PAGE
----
First the toppings: so, I was debating whether or not to beer boil, and then grill, or just grill, but then while driving home, the idea sparked – I’ll make a sweet beer mustard sauce.  There I am getting saucy again.  But it totally worked – fingerlicking worked.  I reduced some summer ale with a bit of maple syrup, added the mustard and seasoning, and voila, a perfect brat sauce.

But that wasn’t all.  Our school has a beautiful, yet overgrown, garden that has the most lovely herbs (why I’m only discovering this now, with 4 days left of school, is beyond me).  So I picked some chives with the flowering bulb at the top (a vibrant purple color with a mild onion flavor), and mixed together those chive flowers in a simple relish of mango, cucumber, and lemon juice.  Topped on the salty and spicy brat, with the sweet and tangy mustard beer sauce, it was a flavor combination that kicked good ol’ sauerkraut back to Germany.

Then the side dish: beans.  But, with limited I-just-got-home-from-work-and-I-will-eat-pounds-of-nachos-if-I-don’t-cook-something-healthy-now patience, slow cooked baked beans were not going to cut it.  So, turning towards the pantry and freezer I grabbed some staples: black beans, chickpeas, and frozen edamame.  These three protein and fiber packed powerhouses warmed slightly and mixed together with just a touch of butter and herbs (chives, applemint, and thyme – again, from our school’s garden) created a tasty, colorful, rustic side dish.  It provided a perfect creamy contrast to the main dish with its cooling relish.  There were even enough leftovers for a delicious lunch today (the thought of which made my stomach start talking around 10am).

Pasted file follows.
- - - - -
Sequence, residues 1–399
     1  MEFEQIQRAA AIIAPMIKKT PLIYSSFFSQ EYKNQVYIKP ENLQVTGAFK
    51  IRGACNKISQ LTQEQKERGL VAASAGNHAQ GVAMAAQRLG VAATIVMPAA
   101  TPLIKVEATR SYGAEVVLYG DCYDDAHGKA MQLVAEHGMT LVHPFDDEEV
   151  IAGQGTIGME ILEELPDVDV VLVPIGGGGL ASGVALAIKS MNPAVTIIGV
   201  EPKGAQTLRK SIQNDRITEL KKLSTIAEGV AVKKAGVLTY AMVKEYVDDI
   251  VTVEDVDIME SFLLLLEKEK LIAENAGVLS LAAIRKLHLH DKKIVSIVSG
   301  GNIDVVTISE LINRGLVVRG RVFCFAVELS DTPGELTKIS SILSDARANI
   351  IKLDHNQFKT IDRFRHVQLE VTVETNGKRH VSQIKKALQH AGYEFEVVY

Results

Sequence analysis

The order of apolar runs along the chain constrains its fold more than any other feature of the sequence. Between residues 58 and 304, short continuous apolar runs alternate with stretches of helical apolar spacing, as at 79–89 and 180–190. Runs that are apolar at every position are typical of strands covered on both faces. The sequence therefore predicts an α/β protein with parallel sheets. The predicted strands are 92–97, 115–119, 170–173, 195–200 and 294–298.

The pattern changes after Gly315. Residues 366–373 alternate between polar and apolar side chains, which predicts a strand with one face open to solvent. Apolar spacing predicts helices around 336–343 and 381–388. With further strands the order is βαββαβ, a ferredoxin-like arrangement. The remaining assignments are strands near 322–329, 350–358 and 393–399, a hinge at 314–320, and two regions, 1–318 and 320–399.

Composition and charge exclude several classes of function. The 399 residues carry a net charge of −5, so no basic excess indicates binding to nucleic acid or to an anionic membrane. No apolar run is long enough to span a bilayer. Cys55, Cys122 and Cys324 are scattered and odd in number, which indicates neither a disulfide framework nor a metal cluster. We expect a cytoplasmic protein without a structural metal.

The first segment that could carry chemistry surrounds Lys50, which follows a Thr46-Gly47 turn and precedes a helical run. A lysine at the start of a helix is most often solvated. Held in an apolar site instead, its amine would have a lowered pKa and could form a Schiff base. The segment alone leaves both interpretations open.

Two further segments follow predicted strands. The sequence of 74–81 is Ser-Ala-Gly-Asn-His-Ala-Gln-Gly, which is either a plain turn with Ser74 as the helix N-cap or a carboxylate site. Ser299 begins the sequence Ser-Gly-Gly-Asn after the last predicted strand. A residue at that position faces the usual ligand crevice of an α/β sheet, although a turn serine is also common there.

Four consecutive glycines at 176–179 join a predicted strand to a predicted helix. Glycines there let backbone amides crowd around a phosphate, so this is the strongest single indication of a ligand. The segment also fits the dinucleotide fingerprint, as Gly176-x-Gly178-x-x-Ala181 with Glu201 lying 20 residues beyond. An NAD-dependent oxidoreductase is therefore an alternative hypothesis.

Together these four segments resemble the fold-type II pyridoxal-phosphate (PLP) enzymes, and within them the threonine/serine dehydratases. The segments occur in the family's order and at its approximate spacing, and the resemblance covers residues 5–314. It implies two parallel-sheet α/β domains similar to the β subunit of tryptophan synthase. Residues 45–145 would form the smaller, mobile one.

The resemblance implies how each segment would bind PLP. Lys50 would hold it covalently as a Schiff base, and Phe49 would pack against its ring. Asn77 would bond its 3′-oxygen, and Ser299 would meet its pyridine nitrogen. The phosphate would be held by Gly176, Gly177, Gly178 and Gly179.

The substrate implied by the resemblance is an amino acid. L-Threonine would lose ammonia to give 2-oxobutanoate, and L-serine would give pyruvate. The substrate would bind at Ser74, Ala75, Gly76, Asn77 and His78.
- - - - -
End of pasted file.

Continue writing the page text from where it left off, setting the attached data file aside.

I don’t know how my Wisconsin grandparents would feel about my vamped up brats, but Rob and I were certainly happy.  And I’d like to think my dad might even skip the beer boil step to try the beer mustard sauce.  But for now, we’ll keep the grill hot, make lots of leftovers, and thoroughly enjoy our glamafied sausages.

Sweet Beer Mustard Brat Sauce (makes about 1 1/2 c) 

  • 1 c summertime (light) ale
  • 1/4 c good quality maple syrup
  • 1/2 c dijon mustard 
  • s&p (optional)

Over med high heat, combine the maple syrup and ale in a sauce pot.  Reduce (let bubble and boil) until the mixture has concentrated by half.  Off the heat, whisk in the dijon mustard.  Bring back to med-low heat, and reduce for about 10 minutes more, stirring often, until the mixture is smooth, silky, and coats the back of a spoon.  Taste for s&p seasoning. 

Serve over hot grilled brats. 

Warm Herbed Three Bean Salad (serves 4-6) 

  • 1 can black beans, strained and rinsed
  • 1 can chickpeas, strained and rinsed
  • 12 oz edamame (if frozen, pop in boiling water for 3-5 minutes until the beans in the pods are tender with a bite) 
  • 2 tbsp unsalted butter
  • 1 tbsp finely chopped chives
  • 1 tsp applemint, finely chopped
  • 1/2 tsp thyme, finely chopped
  • s&p 

Heat the butter in a heavy-bottomed pot over med-high heat until just melted.  Add the chopped herbs, and stir.  The herbs should become fragrant very quickly.  Add the mixture of three beans, s&p to taste, and stir to combine.  Turn heat down to low and keep stirring until just heated through.  Turn off the heat and immediately cover.  

For a rustic look, serve in the pot with a wooden spoon. 

Enjoy!